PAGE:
CDC, founded 56 years ago, operates under the aegis of the British governments’ foreign secretary and has a mandate of investing in the private sector of the world’s poorest countries, principally in Africa and Asia.
Formerly known as the Commonwealth Development Corp., CDC manages $1.8 billion in assets. The British government has no role in the day-to-day operations of CDC, beyond requiring that the organization must seek to improve the economies and lives of people in the countries where it invests while adhering “to the highest standards of corporate governance.” But don’t think of CDC as the equivalent of foreign aid to developing economies. It invests the money of the British government (and thus indirectly the funds of U.K. taxpayers), so it must invest not just to do good, but also to make a profit.
CDC reorganized into two groups in 2003. One part continues to be called CDC and has the role of a traditional LP. It invests in fund managers instead of investing directly and is a relatively small organization of two investment professionals and 20 staff working from London.
The second part includes two investment firms spun out of CDC during the reorganization: Actis Capital, now 60% owned by its partners (which absorbed the largest portion of CDC’s staff and offices globally and which in Asia invests in the emerging markets of China, Malaysia, and South Asia); and Aureos Capital, a company investing in small to medium-sized companies in emerging markets, including dedicated funds for South Asia, South East Asia and the Pacific.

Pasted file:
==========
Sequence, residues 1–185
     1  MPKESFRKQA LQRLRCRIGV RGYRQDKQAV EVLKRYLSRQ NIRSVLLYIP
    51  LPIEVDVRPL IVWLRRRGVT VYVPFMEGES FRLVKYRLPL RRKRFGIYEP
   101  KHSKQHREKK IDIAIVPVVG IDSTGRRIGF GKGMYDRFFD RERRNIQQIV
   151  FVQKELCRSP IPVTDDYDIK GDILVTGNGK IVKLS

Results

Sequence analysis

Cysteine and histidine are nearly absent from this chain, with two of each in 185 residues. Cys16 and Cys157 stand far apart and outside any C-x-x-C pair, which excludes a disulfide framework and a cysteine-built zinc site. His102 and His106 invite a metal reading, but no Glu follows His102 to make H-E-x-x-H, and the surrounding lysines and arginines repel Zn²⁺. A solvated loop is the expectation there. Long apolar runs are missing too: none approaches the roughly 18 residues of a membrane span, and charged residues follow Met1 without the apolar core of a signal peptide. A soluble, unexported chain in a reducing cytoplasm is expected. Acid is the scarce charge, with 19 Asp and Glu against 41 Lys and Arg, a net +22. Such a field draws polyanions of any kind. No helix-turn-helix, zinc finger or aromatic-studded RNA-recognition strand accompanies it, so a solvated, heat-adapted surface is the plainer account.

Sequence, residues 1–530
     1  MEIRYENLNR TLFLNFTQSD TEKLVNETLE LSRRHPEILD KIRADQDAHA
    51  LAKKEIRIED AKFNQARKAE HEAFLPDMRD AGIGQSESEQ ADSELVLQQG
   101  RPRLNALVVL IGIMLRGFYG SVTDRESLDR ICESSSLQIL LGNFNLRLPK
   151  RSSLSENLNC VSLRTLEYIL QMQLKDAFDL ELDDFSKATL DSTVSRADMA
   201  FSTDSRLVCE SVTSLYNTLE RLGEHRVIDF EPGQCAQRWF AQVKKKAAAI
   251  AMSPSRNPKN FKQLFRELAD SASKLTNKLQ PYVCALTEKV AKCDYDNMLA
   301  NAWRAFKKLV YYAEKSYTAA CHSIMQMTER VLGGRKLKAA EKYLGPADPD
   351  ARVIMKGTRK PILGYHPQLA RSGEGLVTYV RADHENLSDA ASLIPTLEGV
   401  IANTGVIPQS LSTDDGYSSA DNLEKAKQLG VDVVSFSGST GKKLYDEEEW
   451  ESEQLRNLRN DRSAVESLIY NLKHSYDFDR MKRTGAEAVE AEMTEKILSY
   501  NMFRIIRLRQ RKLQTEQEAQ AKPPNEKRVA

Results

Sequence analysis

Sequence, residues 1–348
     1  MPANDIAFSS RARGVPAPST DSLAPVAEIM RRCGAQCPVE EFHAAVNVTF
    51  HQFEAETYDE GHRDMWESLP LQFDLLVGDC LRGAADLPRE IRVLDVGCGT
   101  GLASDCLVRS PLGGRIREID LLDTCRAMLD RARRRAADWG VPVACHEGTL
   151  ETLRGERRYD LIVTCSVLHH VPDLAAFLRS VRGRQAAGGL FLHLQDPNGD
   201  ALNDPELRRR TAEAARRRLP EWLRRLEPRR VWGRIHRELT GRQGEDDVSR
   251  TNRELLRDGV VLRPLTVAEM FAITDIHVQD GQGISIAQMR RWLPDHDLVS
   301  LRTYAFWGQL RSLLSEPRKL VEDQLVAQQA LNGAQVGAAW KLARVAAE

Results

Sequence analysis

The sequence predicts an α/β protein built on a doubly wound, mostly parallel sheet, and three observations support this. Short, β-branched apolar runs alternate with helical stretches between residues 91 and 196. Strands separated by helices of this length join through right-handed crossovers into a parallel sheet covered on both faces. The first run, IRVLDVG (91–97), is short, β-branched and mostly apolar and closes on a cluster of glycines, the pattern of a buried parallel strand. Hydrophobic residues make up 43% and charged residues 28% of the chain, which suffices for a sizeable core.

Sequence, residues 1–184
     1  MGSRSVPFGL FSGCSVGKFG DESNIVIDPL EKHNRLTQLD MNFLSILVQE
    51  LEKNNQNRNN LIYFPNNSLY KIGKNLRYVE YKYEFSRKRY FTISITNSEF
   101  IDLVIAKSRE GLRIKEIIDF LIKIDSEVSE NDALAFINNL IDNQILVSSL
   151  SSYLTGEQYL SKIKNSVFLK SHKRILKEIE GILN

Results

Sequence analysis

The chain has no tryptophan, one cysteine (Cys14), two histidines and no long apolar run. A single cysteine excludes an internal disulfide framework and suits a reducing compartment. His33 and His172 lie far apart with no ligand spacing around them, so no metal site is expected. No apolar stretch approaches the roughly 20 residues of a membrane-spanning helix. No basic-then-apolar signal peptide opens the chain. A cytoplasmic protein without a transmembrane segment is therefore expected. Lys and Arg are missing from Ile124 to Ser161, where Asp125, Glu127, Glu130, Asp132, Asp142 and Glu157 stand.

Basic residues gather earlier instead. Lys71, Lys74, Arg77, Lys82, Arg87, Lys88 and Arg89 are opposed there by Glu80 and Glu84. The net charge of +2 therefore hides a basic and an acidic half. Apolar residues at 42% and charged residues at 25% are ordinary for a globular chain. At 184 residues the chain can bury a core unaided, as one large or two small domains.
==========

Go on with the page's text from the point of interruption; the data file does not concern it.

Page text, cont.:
CDC is doing quite well. “We’ve had no new money from the government, since 1994,” Byworth says. “We’re self funded. We have to build the money that we re-invest. We don’t need to go to the government for a handout to cover losses in our portfolio. We’ve been successful and our GPs have been successful, both in financial terms and in terms of building businesses operating with strong corporate governance and ethics.”
For 2003 (data was unavailable for 2004), CDC had a positive return of GBP195 million from prior investments or about 11%, well above public equity market returns, according to a public report. CDC’s new investments in 2003 included a horticultural business in Kenya, a public manufacturing company in India and two power-generating businesses in Bangladesh. CDC had exits from investments from a Ghanaian bank, a Tanzanian gold mining company, a Ugandan financial group, a Tanzanian gas project and a Philippine power business.
As it moves forward, CDC’s direct investing has come to an end, shifting to its fund managers. But its exits are on the increase, with six exits in India alone last year. For 2004, “our return numbers are even better than 2003’s returns,” Byworth says. “But you really need to look at us over a 10-year time frame-the lifecycle of our existing and new fund commitments-for a real measure of our commercial and developmental success.”
CDC’s biggest challenge historically and going forward is whether it can use its assets to improve the lives and economies of the emerging markets in which it participates and still make a profit. That is made all the more difficult by the political entanglements and corruption that are rampant in the markets in which it invests.